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The long commute from Tokyo to Cape Town

South African expat Albert Retief had four years of savings from English teaching under his belt and a keenness for travel when he settled on a plan to travel overland from Tokyo to his home in Cape Town.

“I wanted to experience ‘the real world’ that marches at you head on, and where you realize how small you really are,” he said. “I’ve always dreamed of going on a big mission like this and decided to put all my chips on the table and go.”

Retief embarked on the mission last year, using only public transport for the duration of the journey. It took him through 20 countries and nearly a year of overland travel.

A child is handed between a small boat and the MV Liemba, which takes passengers across Lake Tanganyika between Tanzania and Zambia.(Albert Reteief)
A child is handed between a small boat and the MV Liemba, which takes passengers across Lake Tanganyika between Tanzania and Zambia.(Albert Reteief)

He was inspired by travel writer Paul Theroux’s work and a desire to further his own efforts in photography.

“I love travel and photography and this combination is what keeps me motivated. I have read a few of Paul Theroux’s books, but I always wanted to see it visually. I thought to myself why can’t I be that guy who goes out there with no fixed plans and captures images from the world as I move from one destination to the next?” he said.

Funding the trip through his years of teaching, predominantly in South Korea, Retief flew to Japan to begin his journey.

He chose Tokyo as the starting point due to its symbolism as the land of the rising sun and an idea that he would travel from the eastern tip of the world to the southern tip of Africa.

Reliance on public transport meant that he could keep his expenses low, and gain access to local people, valuable both for forging friendships and capturing photographs.

“I was invited to two weddings -- one in Kazakhstan and another in Sudan. I camped with Iranian hippies in the desert, met people on the street and got invited to stay at their homes. I celebrated Eid with a Sudanese family, Lunar New Year with a Korean family and by Christmas I had made it home. … I went out to document the movement of people as I traveled with them and looked at the relationship us humans have with each other, family, neighbors, the state and religion.”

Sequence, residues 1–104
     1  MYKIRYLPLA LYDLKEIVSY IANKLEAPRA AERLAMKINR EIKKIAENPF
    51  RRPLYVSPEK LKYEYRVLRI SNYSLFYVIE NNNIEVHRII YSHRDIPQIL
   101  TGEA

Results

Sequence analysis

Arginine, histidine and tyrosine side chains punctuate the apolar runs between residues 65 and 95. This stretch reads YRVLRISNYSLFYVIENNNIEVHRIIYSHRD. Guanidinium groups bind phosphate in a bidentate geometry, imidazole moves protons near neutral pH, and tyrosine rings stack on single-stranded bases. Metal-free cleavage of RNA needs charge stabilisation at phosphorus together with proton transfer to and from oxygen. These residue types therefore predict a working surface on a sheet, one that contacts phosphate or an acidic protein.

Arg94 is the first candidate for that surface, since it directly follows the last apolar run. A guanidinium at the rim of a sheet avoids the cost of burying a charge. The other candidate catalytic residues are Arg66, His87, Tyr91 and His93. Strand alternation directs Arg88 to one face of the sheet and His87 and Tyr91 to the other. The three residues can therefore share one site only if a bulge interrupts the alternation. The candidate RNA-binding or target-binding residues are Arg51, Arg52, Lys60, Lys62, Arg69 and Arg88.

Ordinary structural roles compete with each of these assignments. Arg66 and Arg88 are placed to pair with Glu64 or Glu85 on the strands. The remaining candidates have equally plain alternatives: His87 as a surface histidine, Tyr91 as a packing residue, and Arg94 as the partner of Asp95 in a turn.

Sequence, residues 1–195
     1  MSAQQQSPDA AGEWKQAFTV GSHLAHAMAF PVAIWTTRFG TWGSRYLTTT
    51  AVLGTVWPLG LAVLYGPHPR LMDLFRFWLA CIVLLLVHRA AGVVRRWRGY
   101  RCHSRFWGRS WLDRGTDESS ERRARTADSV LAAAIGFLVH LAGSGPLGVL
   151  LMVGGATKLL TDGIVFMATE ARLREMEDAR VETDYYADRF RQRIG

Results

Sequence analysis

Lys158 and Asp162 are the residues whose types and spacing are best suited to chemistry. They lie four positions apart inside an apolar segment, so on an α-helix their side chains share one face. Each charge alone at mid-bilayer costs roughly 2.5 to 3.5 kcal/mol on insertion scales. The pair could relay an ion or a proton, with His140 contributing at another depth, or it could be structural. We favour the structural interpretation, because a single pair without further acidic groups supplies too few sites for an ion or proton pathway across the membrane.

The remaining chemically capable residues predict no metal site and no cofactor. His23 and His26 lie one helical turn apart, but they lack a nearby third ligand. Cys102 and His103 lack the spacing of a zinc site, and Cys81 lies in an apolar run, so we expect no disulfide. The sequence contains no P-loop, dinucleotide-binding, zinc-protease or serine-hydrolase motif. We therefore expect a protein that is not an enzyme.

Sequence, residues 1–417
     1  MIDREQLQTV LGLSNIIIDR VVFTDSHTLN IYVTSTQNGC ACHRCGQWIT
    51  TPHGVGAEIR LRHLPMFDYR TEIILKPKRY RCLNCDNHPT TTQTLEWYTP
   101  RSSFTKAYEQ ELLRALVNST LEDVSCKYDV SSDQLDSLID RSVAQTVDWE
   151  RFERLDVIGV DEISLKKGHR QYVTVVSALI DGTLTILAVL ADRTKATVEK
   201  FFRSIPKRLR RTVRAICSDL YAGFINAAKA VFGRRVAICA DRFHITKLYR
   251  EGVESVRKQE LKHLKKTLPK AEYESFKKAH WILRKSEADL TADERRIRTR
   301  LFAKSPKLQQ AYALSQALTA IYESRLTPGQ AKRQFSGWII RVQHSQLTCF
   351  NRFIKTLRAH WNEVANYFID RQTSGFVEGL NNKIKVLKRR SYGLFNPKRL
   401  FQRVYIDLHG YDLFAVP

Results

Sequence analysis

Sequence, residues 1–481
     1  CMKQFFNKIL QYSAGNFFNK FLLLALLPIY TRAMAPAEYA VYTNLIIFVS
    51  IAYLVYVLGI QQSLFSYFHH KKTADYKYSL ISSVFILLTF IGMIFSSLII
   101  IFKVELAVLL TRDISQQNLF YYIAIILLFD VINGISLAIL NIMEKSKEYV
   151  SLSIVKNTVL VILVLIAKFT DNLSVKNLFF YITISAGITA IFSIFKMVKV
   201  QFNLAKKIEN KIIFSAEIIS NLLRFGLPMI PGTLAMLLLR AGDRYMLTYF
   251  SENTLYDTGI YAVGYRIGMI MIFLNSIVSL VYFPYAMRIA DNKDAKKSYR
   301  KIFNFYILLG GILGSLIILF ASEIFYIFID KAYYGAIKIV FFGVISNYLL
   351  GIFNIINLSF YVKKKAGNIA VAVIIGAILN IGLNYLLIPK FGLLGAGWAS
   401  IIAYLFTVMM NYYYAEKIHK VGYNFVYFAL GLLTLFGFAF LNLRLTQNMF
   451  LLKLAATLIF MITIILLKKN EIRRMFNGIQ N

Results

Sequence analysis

As his adventure progressed, his means of getting around became increasingly creative. Beginning with trains through Japan, Korea, China and Kazakhstan, and ferries to get him across bodies of water including the Yellow Sea, the Mediterranean and Lake Tanganyika, Retief also made use of many smaller scale modes of transport.

In Egypt, he opted to traverse the country by camel, and in Iran, Uganda and Rwanda, he caught pillion rides on motorbikes. Traveling down the length of Africa, he made use of local buses, minibuses and trucks.

From Malawi to South Africa, the final leg of the journey, Retief hitchhiked.

His adventure was not without its pitfalls. Carrying so much camera gear in remote locations, he was accused of being a spy in China, Israel, Egypt and Sudan. He also fell sick several times, ending up in hospital in Turkey from dehydration.

Over the course of the trip through varied landscapes and cultures, it was the universal things that Retief came to appreciate most of all.

“Most people around the world are also curious and … welcoming, generous and hospitable -- regardless of their race, faith, tradition or culture. We share way more commonalities than differences. … I can confirm that the world is not as dangerous as people would like you to think.”

By Louisa Studman, Intern reporter (